Category Archives: Reviews

Tsitsi Dangarembga’s ‘Nervous Conditions’.

The personal is political, and this wonderful book is both entirely personal and deeply political. Nervous Conditions (1988) is the story of Tambudzai, a young woman growing up in rural Zimbabwe (then known as Rhodesia) in the late 1960’s, told … Continue reading

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Rebecca Solnit on Hope.

In a crisis, it is easy to despair. ‘Don’t mourn, organise!’ is a good mantra in such situations. Mourning has its place, but our response should be neither blind despair nor blind hope. We need to understand the objective reality … Continue reading

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In praise of lightness – Calvino’s Leggerezza.

The Italian writer, Italo Calvino, was invited to give the Charles Eliot Norton lectures at Harvard University in 1985 but died before he was able to deliver them. Luckily, we have the text of 5 of these 6 planned lectures … Continue reading

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‘Unsheltered’ by Barbara Kingsolver

Barbara Kingsolver’s novels are always fascinating and rewarding and her latest, Unsheltered (2019) is no exception. We follow two stories over a hundred years apart and set in the same location; Vineland, New Jersey, a town originally established as a … Continue reading

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‘The Overstory’ by Richard Powers.

Richard Powers is an extraordinary writer. If you’ve not yet discovered his novels, I strongly recommend them. He tackles big ideas which concern all of us while at the same time telling compelling stories about complex and conflicted characters who … Continue reading

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Top posts of 2017.

Most popular posts of 2017 Of the posts I published on this site in 2017, the most read were: Sixth form resolutions for 2017: 3 modest resolutions to make 2017 better than its predecessor. 10 things which could improve education: … Continue reading

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‘What if?’ – dystopias in fiction.

Fictional dystopias use the power of ‘what if?’ to change something or extrapolate particular social or technological trends and imagine the impact on people’s lives. The best ones are also good stories, well told, about people; their hopes, fears, feelings … Continue reading

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More fictional dystopias

Reading Dystopias offered an introduction to the genre of dystopian fiction through 4 classic dystopian novels. Here are four more which are also well worth reading. Fahrenheit 451 by Ray Bradbury (1953) [211 pages] Fahrenheit 451: The temperature at which … Continue reading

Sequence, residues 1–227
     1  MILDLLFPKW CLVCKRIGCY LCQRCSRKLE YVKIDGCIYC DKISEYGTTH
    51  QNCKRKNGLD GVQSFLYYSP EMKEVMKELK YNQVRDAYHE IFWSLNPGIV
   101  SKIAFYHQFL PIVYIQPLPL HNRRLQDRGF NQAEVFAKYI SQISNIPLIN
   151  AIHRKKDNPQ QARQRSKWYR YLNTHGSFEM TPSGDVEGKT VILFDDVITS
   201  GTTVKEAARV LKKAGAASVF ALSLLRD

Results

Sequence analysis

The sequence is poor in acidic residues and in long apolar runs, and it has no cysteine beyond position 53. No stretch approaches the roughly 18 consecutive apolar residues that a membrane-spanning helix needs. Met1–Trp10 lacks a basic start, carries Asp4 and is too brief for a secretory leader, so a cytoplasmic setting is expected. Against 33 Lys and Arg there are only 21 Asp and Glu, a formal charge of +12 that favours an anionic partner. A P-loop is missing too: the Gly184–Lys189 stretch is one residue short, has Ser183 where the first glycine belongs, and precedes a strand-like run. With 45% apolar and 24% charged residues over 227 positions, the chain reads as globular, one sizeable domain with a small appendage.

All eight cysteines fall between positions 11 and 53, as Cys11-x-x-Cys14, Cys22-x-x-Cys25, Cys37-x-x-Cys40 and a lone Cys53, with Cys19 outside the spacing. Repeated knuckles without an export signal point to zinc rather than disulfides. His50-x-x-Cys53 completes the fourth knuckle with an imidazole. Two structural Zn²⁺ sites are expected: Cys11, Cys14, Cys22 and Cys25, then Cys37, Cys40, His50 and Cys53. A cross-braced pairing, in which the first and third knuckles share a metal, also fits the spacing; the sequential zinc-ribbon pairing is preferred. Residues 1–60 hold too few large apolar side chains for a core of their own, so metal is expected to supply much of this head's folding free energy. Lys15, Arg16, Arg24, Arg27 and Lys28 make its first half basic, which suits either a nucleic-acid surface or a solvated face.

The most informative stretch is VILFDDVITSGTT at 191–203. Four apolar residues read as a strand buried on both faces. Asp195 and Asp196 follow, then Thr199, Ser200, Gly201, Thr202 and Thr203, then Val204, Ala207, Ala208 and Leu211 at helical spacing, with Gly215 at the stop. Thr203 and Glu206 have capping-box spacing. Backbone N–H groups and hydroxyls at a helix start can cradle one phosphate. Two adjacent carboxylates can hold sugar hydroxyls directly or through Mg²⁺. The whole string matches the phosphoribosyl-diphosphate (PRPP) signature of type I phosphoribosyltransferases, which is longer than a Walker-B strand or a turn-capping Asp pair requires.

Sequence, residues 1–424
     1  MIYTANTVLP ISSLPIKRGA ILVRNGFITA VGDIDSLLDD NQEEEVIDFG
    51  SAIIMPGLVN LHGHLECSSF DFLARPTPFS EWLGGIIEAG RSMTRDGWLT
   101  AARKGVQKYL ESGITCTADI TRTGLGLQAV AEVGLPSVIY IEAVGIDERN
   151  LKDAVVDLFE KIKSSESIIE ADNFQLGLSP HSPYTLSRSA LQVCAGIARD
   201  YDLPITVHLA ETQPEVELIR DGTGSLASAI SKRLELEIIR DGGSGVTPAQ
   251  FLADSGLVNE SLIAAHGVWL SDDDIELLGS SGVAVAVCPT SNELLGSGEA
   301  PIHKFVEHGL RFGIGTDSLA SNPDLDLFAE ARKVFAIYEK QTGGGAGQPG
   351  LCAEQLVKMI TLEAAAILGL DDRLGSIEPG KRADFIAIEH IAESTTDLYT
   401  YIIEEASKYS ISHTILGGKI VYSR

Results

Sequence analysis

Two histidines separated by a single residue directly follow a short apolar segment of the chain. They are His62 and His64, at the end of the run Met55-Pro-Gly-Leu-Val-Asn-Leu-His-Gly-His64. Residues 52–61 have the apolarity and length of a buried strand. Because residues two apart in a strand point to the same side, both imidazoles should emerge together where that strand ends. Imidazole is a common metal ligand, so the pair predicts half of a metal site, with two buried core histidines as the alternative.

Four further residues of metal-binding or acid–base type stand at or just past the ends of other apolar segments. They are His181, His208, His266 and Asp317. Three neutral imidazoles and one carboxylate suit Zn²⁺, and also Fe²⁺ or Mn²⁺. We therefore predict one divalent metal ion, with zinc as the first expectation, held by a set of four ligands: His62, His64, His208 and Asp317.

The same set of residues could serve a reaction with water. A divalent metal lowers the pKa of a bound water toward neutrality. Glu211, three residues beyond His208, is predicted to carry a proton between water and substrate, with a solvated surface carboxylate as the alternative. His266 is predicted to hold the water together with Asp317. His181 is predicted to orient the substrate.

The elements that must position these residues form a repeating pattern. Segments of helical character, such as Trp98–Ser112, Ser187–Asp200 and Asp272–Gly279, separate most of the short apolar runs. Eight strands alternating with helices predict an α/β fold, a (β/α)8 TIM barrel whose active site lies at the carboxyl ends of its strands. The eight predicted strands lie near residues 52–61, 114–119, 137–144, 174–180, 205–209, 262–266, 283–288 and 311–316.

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A 2016 guide to this blog.

I’ve continued to blog in 2016 and this eclectic collection of posts now numbers around 300; not all of which will interest everyone. To remain useful, such a resource needs to be well catalogued so I’ve tried to use categories and … Continue reading

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Theodore Zeldin on ‘what is worth knowing?’

What is worth knowing? It’s a good question, given how much there is to know and the impossibility of knowing more than a tiny fraction of the total. Theodore Zeldin’s latest collection of essays, ‘The hidden pleasures of life’ (Quercus, 2015) … Continue reading

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Instinct, heart and reason – Daniel Pennac on the refugee crisis.

The popular French writer and teacher Daniel Pennac, author of Chagrin d’école (translated as School Blues) and Les droits du lecteur (The Rights of the Reader) amongst others, has written a powerful essay on the refugee crisis for a book … Continue reading

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Primo Levi on work and education

In his wonderful La chiave a stella (The Wrench) published in 1978, Primo Levi shares with us an exchange of stories told by Faussone, the itinerant Piedmontese rigger, and a narrator who, like Levi himself, is an industrial chemist at the point … Continue reading

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Thinking students and student research.

In his excellent book Think Again (2012), John Taylor makes a strong case for putting philosophy at the centre of our teaching in order to develop students’ ability to think. As he says in his introduction: “Education should be all about … Continue reading

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‘Carthage’ by Joyce Carol Oates.

Joyce Carol Oates’ brilliant novel ‘Carthage’ carries the reader along on a compelling looping, zig-zag narrative which starts and finishes in the heart of a sympathetic comfortably-off family in the small upstate New York town of Carthage. Along the way, … Continue reading

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Sebald in Corsica: ‘Campo Santo’.

Campo Santo is one of four short pieces with Corsican settings in W.G. Sebald’s collection given the same title. These were fragments for a book about Corsica which remained unfinished at his untimely death in a road accident in 2001. Campo Santo … Continue reading

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